Posts Tagged headache
Ann Arbor, Mich. — Though it’s known that a simple plastic surgery procedure can help some migraine headache sufferers, relatively few U.S. plastic surgeons are performing it, a new study reports. Researchers from the University of Michigan surveyed nearly 3,500 members of the American Society of Plastic Surgeons about their knowledge, attitudes and experience related to migraine surgery. After analyzing responses from nearly 200 surgeons, investigators found that only 18 percent had performed migraine surgery — and that of that group, more than 80 percent said the surgery improved their patients’ symptoms.
Among the survey’s findings:
• Sixty percent of respondents said they would be interested in offering migraine surgery if an appropriate patient were referred to them by a board-certified neurologist.
• Many surgeons surveyed said they didn’t feel familiar enough with migraine surgery techniques — or with migraines in general — to perform the procedure.
• Most respondents said they were unaware that migraine surgery is covered by some major health insurers, including Medicare.
I find the lay press impressions of why plastic surgeons do or do not choose to do certain operations amusing. The key item that neither the ASPS survey nor the lay press impressions of it have addressed is the issue of risk versus benefit.
If this procedure was well-covered by any payer then plastic surgeons would be lining up to perform it. If it had a good risk: benefit profile, the same would be even more true.
Most surgeons trained in programs in which key principles were taught regarding operating for pain. Operations for pain tend to hurt the surgeon more than they relieve the patient.
It was not really mentioned in this piece that a relatively easy alternative to surgery for migraine headaches is Botulinum toxin injections. They work well and are much lower risk than any surgical procedure. I perform them for my wife and they relieve her headaches a great deal.
John Di Saia MD
TRENTON — Minors in New Jersey wouldn’t be able to get Botox injections unless a doctor says it’s medically necessary and documents the reason, under a bill moving through the Assembly. The Assembly Health and Senior Services Committee approved legislation Thursday to clamp down on doctors injecting people under 18 with botulinum toxin for cosmetic purposes. The Federal Drug Administration already bars anyone under 18 from getting Botox for cosmetic reasons. The new state legislation would go further by requiring doctors to document in a patient’s chart the noncosmetic medical reason for performing the procedure on a minor. Botox is used widely to smooth out facial wrinkles, but also can be used to treat headaches and spasms.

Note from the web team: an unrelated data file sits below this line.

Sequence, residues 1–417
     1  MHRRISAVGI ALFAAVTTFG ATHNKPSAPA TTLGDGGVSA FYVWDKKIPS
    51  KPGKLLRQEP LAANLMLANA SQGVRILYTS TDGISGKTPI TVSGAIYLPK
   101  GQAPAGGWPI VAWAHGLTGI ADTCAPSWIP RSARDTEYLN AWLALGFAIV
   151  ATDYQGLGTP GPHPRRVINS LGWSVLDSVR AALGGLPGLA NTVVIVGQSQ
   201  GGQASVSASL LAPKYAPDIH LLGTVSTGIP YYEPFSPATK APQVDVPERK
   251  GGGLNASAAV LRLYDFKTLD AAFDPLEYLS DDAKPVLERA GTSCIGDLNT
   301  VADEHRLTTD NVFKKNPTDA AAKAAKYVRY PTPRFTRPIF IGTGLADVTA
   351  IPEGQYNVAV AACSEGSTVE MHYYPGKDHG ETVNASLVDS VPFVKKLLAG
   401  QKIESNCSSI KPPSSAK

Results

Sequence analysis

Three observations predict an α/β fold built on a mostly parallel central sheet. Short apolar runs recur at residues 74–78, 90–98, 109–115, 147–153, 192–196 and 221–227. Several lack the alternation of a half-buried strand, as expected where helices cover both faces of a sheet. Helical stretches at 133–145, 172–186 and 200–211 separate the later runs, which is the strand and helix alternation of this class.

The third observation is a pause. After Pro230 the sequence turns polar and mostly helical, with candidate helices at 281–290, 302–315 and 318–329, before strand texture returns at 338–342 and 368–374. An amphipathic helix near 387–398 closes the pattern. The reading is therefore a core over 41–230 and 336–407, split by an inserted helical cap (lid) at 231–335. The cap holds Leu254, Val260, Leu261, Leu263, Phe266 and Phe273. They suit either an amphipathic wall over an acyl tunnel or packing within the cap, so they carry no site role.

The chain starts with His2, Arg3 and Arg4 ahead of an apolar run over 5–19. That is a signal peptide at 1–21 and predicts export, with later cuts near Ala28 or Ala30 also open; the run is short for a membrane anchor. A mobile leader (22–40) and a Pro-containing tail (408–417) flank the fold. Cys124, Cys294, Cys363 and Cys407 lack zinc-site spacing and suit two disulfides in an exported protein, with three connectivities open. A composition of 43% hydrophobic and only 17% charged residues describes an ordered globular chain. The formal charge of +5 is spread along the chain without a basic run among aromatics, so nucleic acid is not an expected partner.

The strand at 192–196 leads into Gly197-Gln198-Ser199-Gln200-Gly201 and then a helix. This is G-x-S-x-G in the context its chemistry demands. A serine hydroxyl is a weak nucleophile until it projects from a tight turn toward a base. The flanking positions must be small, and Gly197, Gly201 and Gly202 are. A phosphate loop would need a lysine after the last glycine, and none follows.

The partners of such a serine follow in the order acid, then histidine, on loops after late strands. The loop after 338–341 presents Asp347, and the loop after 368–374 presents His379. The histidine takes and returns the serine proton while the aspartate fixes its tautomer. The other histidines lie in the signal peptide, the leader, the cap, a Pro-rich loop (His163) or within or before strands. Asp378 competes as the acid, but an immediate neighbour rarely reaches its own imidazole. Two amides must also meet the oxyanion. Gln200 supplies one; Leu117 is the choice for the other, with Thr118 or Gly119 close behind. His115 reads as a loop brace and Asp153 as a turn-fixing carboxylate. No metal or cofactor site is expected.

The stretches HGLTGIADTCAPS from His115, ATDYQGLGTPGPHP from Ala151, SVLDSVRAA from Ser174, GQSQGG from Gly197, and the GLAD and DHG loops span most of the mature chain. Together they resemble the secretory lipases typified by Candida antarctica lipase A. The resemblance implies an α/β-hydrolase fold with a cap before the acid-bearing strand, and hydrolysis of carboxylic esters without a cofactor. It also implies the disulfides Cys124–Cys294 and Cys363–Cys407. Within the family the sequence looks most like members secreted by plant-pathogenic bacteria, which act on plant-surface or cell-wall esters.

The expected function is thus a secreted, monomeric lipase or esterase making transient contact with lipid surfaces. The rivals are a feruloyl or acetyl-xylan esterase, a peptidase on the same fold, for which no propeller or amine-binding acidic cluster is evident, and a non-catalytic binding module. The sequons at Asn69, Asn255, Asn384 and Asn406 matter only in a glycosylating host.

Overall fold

This prospective law in New Jersey would make Botox injections illegal in minors without a doctor’s statement that it is medically necessary. Unfortunately this is not to say such a law would have the desired effect. There are docs who will write those “permit slips.” Watch how many of these Botox-using minors get headaches.
I am not really a fan of laws restricting the flow of medicines. I do not believe they work well. Then again cosmetic treatments in minors are on the rise and as a practitioner I can only do what I feel is right in my own office. These minors aren’t getting their Botox treatments from me.
I have stated before the real lack of reason in using Botox and other wrinkle fighters in patients who are too young to have wrinkles. Would such a law affect the use of other treatments? There are other botulinum toxins. What about fillers? We’ll see if this bill goes anywhere.
John Di Saia MD
Federal health officials approved the wrinkle-smoothing injection Botox for migraine headaches on Friday, giving drugmaker Allergan clearance to begin marketing its drug to patients with a serious history of the condition. The FDA approved the new use based on two company studies of more than 1,300 patients who received either a Botox injection or a dummy injection. Patients who received Botox reported slightly fewer “headache days” than patients given the sham treatment.
This reminds me of the media blast when Botox was approved for cosmetic wrinkle reduction. I have been using Botox and other botulinum toxins since 1997 off label. It was plainly apparent years ago that migraine patients had fewer headaches and they would come for both the cosmetic benefit and the headache treatment at the same three month interval.
The FDA will not tell you that Botox and the other toxins work very similarly. I have been using Myobloc for my patients for years and I actually like it better. It works well for migraines too although as a plastic surgeon I am only supposed to give it for wrinkles. Kinda silly.Although we have used it for Migraines for years, only now is Allergan allowed to market it to migraine patients. That is silly too.
John Di Saia MD